Microsoft’s Edge completed a six-month surge in user share that represented a 24% increase and brought the browser to its highest-ever level.
According to U.S. analytics vendor Net Applications, Edge’s August user share rose by half a percentage point to 6.3%, a record for the browser in its first four years. During the six months ending Aug. 31, Edge added 1.6 points to its share, the equivalent of a 24% boost.
The growth by Edge, however, did not translate into a similar-sized increase in the browser’s portion of Windows 10 browsers because the operating system jumped up more than two percentage points. (Although the “full-Chromium” Edge, the version Microsoft’s building using the Google-dominated Chromium project’s technologies, has been released in preview for non-Windows 10 OSes, it’s a certainty that the vast bulk of Edge’s users are on 10.)
By Net Applications’ numbers, Edge accounted for only 12.4% of all Windows 10 browser activity, a half a point increase over the month prior. But the six-month increase of Edge’s share of Windows 10 was a measly 4%.
It may be tempting to credit Microsoft’s switch to Chromium for the increase but Microsoft did not give users a working preview until mid-April. Of the four months since, two recorded decreases in Edge’s browser share.
Until Microsoft rolls out a polished version of full-Chromium Edge – a Stable channel build, using Chrome’s nomenclature, which Microsoft has adopted – and better yet forces the new Edge onto Windows 10 users – Computerworld is convinced it will be impossible to pin the browser’s ups and downs on the revamp.
On the share stairs, Chrome takes one step down after two up
After a near-record leap in July, Chrome last month dropped 1.4 percentage points, falling to 67.2%, the same number it booked at the start of 2019.
Chrome has had a habit of doing this two up, one back – or even two up, two back – recently. In May, Chrome added 2.3 points, then promptly lost 1.6 points in June. July saw an increase of another 2.3 percentage points, with August subtracting 1.4 of those.
The ups and downs have produced projections that have been alternately up- then downbeat. This one is the latter: Chrome now won’t reach the 70% milestone until December 2020, a full year later than the forecast of just last month. (Reality will likely be somewhere in between.) But there’s still no signal that Chrome’s rise has plateaued, much less that it’s in danger or reversing.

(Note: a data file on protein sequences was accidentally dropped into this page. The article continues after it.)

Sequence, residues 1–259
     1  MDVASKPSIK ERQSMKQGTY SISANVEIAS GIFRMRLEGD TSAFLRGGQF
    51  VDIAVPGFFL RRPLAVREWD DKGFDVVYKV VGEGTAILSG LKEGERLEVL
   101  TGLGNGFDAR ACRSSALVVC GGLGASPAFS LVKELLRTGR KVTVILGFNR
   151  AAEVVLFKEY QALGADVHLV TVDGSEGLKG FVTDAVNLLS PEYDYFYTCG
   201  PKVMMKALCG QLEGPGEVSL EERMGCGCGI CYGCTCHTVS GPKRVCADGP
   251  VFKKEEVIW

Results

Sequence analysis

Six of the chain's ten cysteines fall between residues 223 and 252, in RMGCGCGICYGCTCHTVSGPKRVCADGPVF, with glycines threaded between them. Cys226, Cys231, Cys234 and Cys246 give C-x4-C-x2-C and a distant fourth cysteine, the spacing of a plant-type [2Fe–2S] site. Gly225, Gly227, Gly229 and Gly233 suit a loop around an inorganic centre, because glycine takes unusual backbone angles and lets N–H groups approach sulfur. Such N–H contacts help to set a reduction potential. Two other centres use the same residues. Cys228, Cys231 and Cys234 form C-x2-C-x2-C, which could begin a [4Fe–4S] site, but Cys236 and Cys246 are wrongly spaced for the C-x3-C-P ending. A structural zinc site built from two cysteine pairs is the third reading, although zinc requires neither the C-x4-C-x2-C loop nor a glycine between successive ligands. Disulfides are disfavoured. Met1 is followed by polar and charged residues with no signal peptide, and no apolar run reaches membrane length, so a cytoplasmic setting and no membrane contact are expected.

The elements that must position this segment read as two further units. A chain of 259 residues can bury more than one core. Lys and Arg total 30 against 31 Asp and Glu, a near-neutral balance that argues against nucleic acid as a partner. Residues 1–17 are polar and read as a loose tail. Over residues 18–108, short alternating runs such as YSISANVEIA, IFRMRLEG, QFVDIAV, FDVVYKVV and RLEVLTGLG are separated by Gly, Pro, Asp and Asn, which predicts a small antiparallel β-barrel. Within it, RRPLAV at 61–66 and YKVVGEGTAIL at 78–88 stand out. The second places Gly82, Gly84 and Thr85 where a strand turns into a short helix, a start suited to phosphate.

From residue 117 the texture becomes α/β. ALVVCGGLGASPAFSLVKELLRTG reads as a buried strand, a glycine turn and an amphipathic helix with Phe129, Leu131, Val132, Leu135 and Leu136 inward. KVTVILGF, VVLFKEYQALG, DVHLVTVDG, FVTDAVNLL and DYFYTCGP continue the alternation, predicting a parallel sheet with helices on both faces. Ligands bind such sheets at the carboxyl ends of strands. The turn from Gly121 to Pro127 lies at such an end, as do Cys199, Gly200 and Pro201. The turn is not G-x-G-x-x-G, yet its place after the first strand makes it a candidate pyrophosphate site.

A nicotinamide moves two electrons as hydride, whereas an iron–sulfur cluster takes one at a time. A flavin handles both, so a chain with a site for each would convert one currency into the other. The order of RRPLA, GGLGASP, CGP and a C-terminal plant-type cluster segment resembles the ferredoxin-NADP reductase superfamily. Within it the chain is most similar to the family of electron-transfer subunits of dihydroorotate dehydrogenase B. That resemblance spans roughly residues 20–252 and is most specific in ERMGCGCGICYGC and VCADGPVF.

Edge’s 1.5 percentage point increase over the last six months notwithstanding, there simply isn’t a competitor worth the name among the browsers-not-named-Chrome.
Firefox hangs on
Firefox added a tenth of a percentage point to its user share in August, wrapping up the month at 8.4% and putting an end to a three-month slide.
But August was also the third consecutive month that Firefox remained under the 9% bar. Its record: Four straight months below 9% in May through August 2016.
While Firefox at least didn’t lose share, it continued to flirt with disaster. Computerworld‘s revised forecast put the browser under 8% by November and predicted that the browser will drop below 7% by August 2020.
It becomes harder and harder to visualize how Mozilla will work its way out of the browser basement. Can its focus on privacy, specifically the emphasis on blocking web trackers, convince millions to try (or retry) Firefox? That seems tough when every rival but Chrome rushes to implement their own anti-tracking. Is the enterprise Firefox’s salvation? How can it be when Microsoft positions Edge as more-or-less-Chrome but with its enterprise imprimatur? Firefox needs a solid six months of growth at a minimum to convince anyone that it has put possible extinction behind it.
Elsewhere in Net Applications’ numbers, Apple’s Safari grew by half a percentage point to 3.9% and Opera Software’s browser slid a tad to 1.4%. The only silver lining for either was Safari’s share of all macOS-powered computers – 39.8% – was the highest since May 2018.
Net Applications calculates user share by detecting the agent strings of the browsers people use to reach the websites of Net Applications’ clients. The firm tallies visitor sessions to measure browser user activity.